There is Krystal of Flint, Michigan, who declares in her interview: “I witnessed my mom go through a lot of chaos and confusion and abuse, and I remember thinking I couldn’t be that way” (p. 15). There is the Chicana feminist Martha Cotera and her daughter Maria of Ypsilanti. There is Shelby of Jackson Hole, who lives in “’the “equality state,” the first state to grant women’s suffrage’” (Wyoming), and yet is a state that still coddles the men-folk who “’drive trucks, shoot guns, and marry women for the cooking’” (p. 24).

In Sioux Falls we go to the Top Hat dive bar for cheap drinks, meeting a single welfare mom who rejects both the falsity of knowledge through a college degree and a bartending job. (“’You’re a vagina behind the bar.’”) What are the options for young women, this book, this road trip, makes us ask?

There are no answers in Girldrive to that question. Yet, there is Jerlina, a Berkeley doctoral student of the African Diaspora, and Starhawk, a pagan spokeswoman and eco-feminist. They show us new road maps, new directions. There is Joanna Frueh, an art historian in Tucson who makes the “breezy admission that sex is central all through a woman’s life, not just her youth” (p. 77), dispelling age bias against women. And there is Szoke, who is a New Yorker transplanted to Denver, a waitress who admits: “Male waiters are more respected. There are always going to be those people who get off on the idea that a woman is serving them.”

In Tulsa, we meet Melody and Mana; in Austin we go to a burlesque show with Florinda (“’playwright, artist, activist, singer educator’” – and all of 29). A photograph of the fulsome Stephanie in front of a red curtain stares back upon our gaze. So does the pink-dyed head of Cait, the buxom pose of Raine (in appropriate burlesque costume). And Elsa, Laurie, Carmen Erika – we see them sit in rockers and in beauty shop hair-dryer chairs; we see them standing in front of activist bulletin boards and in kitchens. In Baton Rouge we meet the “street urchins” Charlotte and Angie. Says the latter: “I don’t know if I’m a feminist. I believe in equality.”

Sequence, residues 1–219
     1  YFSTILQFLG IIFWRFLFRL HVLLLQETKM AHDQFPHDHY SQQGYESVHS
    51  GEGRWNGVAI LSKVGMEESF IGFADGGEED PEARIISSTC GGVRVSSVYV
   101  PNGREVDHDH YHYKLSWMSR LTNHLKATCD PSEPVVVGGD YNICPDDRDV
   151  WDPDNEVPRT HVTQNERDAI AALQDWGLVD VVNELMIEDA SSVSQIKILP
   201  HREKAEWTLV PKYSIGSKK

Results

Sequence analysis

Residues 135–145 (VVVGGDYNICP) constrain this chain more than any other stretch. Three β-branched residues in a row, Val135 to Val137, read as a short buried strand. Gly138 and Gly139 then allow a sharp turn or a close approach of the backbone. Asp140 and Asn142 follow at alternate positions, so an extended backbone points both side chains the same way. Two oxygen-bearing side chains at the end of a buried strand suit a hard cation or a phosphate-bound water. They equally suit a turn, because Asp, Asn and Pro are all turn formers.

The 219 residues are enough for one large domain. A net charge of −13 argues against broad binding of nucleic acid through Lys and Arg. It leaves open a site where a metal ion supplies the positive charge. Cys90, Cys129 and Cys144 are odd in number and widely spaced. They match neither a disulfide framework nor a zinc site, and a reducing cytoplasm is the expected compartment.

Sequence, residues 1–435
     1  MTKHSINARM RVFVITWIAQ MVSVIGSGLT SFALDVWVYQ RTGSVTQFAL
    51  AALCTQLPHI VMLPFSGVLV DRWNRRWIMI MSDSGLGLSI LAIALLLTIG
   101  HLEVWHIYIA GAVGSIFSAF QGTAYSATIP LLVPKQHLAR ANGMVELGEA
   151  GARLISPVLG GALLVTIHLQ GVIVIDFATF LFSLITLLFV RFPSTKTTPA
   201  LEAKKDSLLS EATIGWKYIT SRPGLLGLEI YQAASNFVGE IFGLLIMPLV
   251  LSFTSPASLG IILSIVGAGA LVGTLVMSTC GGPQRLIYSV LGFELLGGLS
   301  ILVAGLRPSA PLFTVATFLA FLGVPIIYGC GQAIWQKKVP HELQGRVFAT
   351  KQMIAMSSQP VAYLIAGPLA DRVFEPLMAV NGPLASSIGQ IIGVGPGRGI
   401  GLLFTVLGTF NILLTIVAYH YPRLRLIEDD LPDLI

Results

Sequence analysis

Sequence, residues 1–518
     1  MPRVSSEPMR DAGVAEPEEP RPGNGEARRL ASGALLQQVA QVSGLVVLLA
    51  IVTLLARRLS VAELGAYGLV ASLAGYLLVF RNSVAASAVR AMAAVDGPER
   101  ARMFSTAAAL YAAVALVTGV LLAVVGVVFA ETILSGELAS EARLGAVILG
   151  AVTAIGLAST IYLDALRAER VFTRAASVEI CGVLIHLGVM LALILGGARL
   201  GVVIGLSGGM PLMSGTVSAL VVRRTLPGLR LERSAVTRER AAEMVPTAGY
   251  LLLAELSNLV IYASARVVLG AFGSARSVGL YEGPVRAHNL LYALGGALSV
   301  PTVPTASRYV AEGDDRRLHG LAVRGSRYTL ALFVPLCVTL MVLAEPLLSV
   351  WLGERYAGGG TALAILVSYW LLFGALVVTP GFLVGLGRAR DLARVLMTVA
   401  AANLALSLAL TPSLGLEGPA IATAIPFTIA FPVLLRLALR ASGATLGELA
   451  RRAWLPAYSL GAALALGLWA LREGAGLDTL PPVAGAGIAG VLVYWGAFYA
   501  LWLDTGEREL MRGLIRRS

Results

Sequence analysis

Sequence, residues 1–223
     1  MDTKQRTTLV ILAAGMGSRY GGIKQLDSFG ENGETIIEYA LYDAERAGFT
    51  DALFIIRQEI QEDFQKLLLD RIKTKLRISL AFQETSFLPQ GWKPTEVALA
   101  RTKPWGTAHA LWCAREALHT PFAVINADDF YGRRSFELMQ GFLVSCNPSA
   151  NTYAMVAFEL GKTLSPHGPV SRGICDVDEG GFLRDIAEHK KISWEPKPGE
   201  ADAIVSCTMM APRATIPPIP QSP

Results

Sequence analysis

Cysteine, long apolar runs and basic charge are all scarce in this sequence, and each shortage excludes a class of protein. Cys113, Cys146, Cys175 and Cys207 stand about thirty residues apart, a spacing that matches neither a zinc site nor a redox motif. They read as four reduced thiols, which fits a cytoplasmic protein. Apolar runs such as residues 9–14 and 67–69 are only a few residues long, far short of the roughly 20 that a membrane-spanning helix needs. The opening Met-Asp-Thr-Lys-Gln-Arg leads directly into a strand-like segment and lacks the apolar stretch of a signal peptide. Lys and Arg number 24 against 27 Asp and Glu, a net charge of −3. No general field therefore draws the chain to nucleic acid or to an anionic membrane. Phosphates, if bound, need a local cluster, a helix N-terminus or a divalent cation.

These mostly but not entirely younger women of America generally report that they still feel silenced and objectified by male counterparts. They are professional women, working-class women, college women, unemployed women. These articulate women – particularly women of color are well represented in this volume – state that they are betrayed by the falsity of U.S. democratic culture. And they show their knowledge of their betrayal through a articulate strength.


I don’t know what “feminism” is – although I teach something called “feminist theory.” Every semester at City College (CUNY) in these so-called “women studies” classes, I ask my students a question I have no answer for: What is feminism? Of course, my students don’t know the answer either. But a good conversation usually ensues. Girldrive is a porous text that makes us ask that question again and again, in the way Hejinian describes poetic language itself -- as a mode of “inquiry.” Frankly, I don’t know what “poetry” is either – except that I like what I perceive to be its “strangeness.”